There is so much that is wrong with this film - for example, its historical inaccuracies; the lack of consistency in accents; and the use of hilly Prague to portray flat Vienna. Watching this film I was often confronted with the crass, the artless, the preposterous, the embarrassing, and the laughable. We have comedy with Barry Humphries as Metternich, Dame Edna Everage struggling to emerge from within his breast. We have naff lines such as Schindler's "It was that damned sonata" on the day that he met Beethoven. And yet, and yet ...

The film is colourful and imaginative, Beethoven's deafness is convincingly conveyed, and the sub-story of the composer's relationship with his nephew is well-told. Perhaps the idea was to replicate the success of "Amadeus" for Beethoven with a high-quality costume-drama. Bernard Rose says that he used the story of seeking Beethoven's "immortal beloved" as an excuse to show the more private and difficult sides of the composer.

Jeroen Krabbe (originally marked down as to play Beethoven) is good as the composer's amanuensis Schindler; equally good is Johanna Ter Steege as the subject of the title. But Gary Oldman is mesmerising as the man himself; his eyes, his hair, his lips, all seem so perfect for the role. Oldman says that he passed on the script twice, but realised it would be a good departure from his usual roles. He tells us that we have to look at the film as a fiction, as Beethoven filtered through the director's vision. Bernard Rose concedes that his film has been attacked by scholars on historical grounds, but he insists that the movie is about the music, being aimed at twelve- and thirteen-year-olds to show that Beethoven's music was not stuffy - is not stuffy - but rather something worth exploring. And indeed, on the way, we hear some of the greatest music ever written, with Georg Solti conducting, the music editing into the film being skilfully done and very commendable.

The extras on this DVD include `talent files' for the main actors and director, a director's commentary, a five-minute featurettes and a thirty-minute documentary called "Beloved Beethoven".
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13 of 14 people found the following review helpful
4.0 out of 5 stars Oldman the real Pianist, 14 Mar 2012
By 
Mr. C. MCGRORY (Scotland) - See all my reviews
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This review is from: Immortal Beloved [DVD] (DVD)
Just to add my own comment. Gary Oldman is brilliant in this film which captures the essential drama of Beethoven's life. No need to get hung up on historical details.

However one truth that is missed over. Gary Oldman is an accomplished classical pianist. He is actually playing Beethoven.

I saw a brief interview with him and his mother at the time of the film's release and he revealed his own playing when he had to correct people who told him he had done a wonderful job of miming the playing!

He had to correct them, "It was me playing!"
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4 of 4 people found the following review helpful
5.0 out of 5 stars sublime, 23 Aug 2012
By 
Frank Bierbrauer (Manchester, Lancashire, UK) - See all my reviews
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This review is from: Immortal Beloved [DVD] (DVD)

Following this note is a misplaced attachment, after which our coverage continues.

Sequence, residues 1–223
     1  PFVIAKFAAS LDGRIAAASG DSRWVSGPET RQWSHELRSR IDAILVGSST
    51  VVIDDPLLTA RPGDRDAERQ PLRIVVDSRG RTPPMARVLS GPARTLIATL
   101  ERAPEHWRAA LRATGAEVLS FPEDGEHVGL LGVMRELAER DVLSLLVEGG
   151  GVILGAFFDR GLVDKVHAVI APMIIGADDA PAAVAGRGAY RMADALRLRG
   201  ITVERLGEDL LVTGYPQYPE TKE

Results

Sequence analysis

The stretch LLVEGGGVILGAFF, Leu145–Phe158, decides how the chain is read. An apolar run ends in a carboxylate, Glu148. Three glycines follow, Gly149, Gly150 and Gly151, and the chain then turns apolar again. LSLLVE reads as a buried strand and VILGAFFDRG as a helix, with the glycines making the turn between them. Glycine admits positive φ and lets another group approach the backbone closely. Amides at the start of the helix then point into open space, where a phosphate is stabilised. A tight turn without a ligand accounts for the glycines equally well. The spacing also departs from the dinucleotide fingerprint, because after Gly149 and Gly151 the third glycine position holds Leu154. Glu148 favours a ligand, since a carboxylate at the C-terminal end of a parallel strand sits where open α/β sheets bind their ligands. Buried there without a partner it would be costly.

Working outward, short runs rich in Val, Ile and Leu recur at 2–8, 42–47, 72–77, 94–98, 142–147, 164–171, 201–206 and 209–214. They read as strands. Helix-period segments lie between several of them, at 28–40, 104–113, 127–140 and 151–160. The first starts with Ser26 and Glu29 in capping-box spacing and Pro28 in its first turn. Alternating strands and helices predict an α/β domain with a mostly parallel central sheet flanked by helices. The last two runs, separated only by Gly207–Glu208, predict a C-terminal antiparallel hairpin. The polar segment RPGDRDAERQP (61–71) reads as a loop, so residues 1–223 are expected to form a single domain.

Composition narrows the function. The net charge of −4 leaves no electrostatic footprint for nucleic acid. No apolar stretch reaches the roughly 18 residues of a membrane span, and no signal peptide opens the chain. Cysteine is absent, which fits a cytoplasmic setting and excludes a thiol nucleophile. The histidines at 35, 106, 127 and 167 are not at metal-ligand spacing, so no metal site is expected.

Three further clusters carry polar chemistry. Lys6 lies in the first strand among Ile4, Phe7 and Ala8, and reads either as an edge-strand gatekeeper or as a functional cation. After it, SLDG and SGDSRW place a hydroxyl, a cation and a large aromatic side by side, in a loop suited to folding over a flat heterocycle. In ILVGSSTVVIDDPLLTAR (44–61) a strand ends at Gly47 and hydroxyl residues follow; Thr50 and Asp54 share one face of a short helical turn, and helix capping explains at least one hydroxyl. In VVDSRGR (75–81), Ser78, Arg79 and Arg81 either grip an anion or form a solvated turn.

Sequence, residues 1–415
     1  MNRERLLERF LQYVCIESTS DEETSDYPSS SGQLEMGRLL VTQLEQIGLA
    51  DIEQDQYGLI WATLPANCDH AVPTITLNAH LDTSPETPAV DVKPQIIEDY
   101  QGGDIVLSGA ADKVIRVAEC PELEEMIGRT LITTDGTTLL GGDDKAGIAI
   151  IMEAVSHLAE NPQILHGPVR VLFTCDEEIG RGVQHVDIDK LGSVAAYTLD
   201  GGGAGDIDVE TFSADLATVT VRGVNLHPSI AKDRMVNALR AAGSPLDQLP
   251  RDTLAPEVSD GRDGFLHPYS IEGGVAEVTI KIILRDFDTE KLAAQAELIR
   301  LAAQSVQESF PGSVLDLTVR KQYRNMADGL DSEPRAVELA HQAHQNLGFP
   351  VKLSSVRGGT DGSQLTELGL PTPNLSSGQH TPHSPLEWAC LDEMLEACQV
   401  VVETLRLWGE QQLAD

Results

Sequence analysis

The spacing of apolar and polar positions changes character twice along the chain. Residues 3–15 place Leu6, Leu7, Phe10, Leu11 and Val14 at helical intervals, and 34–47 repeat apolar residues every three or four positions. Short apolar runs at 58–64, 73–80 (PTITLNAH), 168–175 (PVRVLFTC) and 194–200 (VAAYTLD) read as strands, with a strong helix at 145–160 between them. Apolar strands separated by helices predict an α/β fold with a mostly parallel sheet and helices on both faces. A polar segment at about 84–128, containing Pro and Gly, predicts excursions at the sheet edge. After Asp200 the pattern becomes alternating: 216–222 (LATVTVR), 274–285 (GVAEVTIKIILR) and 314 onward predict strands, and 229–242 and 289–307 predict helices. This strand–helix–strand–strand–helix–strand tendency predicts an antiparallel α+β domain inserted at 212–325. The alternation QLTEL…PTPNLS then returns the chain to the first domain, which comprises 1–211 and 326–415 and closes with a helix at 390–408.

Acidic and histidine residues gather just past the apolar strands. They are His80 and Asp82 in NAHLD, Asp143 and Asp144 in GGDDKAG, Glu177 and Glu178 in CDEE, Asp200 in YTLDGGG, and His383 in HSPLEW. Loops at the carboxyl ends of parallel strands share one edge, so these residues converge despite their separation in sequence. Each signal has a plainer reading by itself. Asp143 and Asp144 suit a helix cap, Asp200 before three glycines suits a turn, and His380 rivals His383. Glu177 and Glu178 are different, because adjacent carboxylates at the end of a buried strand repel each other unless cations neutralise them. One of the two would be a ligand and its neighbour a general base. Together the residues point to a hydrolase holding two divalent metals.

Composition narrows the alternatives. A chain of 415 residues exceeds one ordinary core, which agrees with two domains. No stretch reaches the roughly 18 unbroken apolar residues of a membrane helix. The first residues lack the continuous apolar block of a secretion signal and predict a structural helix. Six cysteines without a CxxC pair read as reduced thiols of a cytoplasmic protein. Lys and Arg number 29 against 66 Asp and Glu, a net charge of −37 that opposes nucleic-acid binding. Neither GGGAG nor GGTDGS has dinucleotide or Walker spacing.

A sublime film with Gary Oldman playing Beethoven with deep intensity as he of course is so well known from that famous portrait. This portrait is present in one particular scene of the film and you can immediately see how good Oldman really is. I never for a moment took the film as portraying a factual story but rather as a way to show the character of Beethoven and maybe also to show how his great genius was engendered (encroaching deafness, love lost). The lighting is superb, the use of Beethoven's great music is astonishing. I watched the film with one of my sisters and she like me were deeply emotionally affected throughout. I think it really shows what it took to be such a genius and it simply demonstrates in the most sublime way his music, oh his music, or as is said at the end of the film, how could anyone who could write music like that be all bad.
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3 of 3 people found the following review helpful
5.0 out of 5 stars Immortal Beloved DVD, 19 April 2012
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This review is from: Immortal Beloved [DVD] (DVD)
First saw this film on release in the USA in the 90's and I was able to also purchase it on video tape some time later. I have watched it many times and have never tired of it. A fabulous film which depicts the life and music of Beethoven,wonderfully acted with music that is second to non. A truly brilliant film that will never date.
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3 of 3 people found the following review helpful
4.0 out of 5 stars Review for Immortal Beloved, 23 Aug 2009
By 
S. Vanner (Nottingham, UK) - See all my reviews
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This review is from: Immortal Beloved [DVD] (DVD)
This is a really good film, which is given a terrific portrayal of Beethoven by Gary Oldman. The story of the film all based around Beethoven's friend - Anton Schindler's - relentless search for the troubled genius's `immortal beloved'. Although a lot of the film's content is not based on truth, Beethoven's music is wonderfully incoporated throughout the film to great effect, with great empathy for the maestro's turmoil over his deafness, with his relationship with nephew Karl, and ending with a heart-rending conclusion.